12. Faustmann M (1995) Berechnung des Wertes welchen Waldboden sowie noch nicht haubare Holzbestände für die Waldwirtschaft besitzen, Allg. Forst-und Jagdzeitung 15 (1849) 441–455. Translated by Linnard W Calculation of the value which forest land and immature stands possess for forestry. J For Econ 1:7–44

  13. Föllmer H, Schied A (2011) Stochastic finance: an introduction in discrete time. De Gruyter, Germany

    Google Scholar 

  14. Gjolberg O, Guttormsen A (2002) Real options in the forest: what if prices are mean-reverting? For Policy Econ 4:13–20

    Article  Google Scholar 

  15. Gong P, Löfgren K (2003) Risk-aversion and the short-run supply of timber. For Sci 49:647–656

    Google Scholar 

  16. Gong P, Löfgren K (2008) Impact of risk aversion on the optimal rotation with stochastic price. Nat Res Model 21:385–415

    Article  Google Scholar 

  17. Hildebrandt P, Kirchlechner P, Hahn A, Knoke T, Mujica R (2010) Mixed species plantations in Southern Chile and the risk of timber price fluctuation. Eur J For Res 129:935–946

    Article  Google Scholar 

  18. Insley M (2002) A real option approach to the valuation of a forestry investment. J Environ Econ Manag 44:471–492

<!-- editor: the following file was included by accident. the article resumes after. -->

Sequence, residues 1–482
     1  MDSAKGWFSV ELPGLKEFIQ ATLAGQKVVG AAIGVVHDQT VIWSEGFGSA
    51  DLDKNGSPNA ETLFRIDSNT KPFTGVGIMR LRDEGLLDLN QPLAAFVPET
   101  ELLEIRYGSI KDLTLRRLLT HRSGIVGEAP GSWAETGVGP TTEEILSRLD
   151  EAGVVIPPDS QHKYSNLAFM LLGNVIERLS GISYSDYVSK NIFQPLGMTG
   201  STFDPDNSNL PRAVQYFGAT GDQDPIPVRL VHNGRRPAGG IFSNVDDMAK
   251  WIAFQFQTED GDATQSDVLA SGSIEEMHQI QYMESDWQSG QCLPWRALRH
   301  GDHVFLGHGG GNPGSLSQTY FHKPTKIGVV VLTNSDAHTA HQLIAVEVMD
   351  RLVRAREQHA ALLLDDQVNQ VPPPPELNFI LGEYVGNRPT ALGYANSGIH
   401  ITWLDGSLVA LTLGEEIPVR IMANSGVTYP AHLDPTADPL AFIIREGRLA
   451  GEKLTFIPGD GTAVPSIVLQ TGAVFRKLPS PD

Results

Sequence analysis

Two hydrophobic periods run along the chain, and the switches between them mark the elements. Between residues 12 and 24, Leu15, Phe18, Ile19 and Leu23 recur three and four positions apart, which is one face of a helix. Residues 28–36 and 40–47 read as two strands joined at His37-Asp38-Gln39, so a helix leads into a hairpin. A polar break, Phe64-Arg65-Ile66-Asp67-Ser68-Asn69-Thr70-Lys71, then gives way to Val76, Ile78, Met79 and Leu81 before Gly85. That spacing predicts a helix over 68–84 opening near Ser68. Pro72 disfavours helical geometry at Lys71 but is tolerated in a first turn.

Article  Google Scholar 

  19. Khajuria RP, Kant S, Laaksonen-Craig S (2009) Valuation of timber harvesting options using a contingent claims approach. Land Econ 85:655–674

    Google Scholar 

  20. Khan MA, Piazza A (2012) On the Mitra–Wan forestry model: a unified analysis. J Econ Theor 147:230–260

    Article  Google Scholar 

  21. Knoke T, Stimm B, Ammer C, Moog M (2005) Mixed forests reconsidered: a forest economics contribution on an ecological concept. For Ecol Manag 213:102–116

    Article  Google Scholar 

  22. Laeven R, Denuit M, Dhaene J, Goovaerts M, Kaas R (2006) Risk measurement with equivalent utility principles. Stat Decis 24:1–25

    Article  Google Scholar 

  23. Latta G, Sjølie H, Solberg B (2013) A review of recent developments and applications of partial equilibrium models of the forest sector. J For Econ 19:250–360

    Google Scholar 

  24. Markowitz H (1952) Portfolio selection. J Financ 7:77–91

    Google Scholar 

  25. Mei B, Clutter M, Harris T (2010) Modeling and forecasting pine sawtimber stumpage prices in the US South by various time series models. Can J For Res 40:1506–1516

    Article  Google Scholar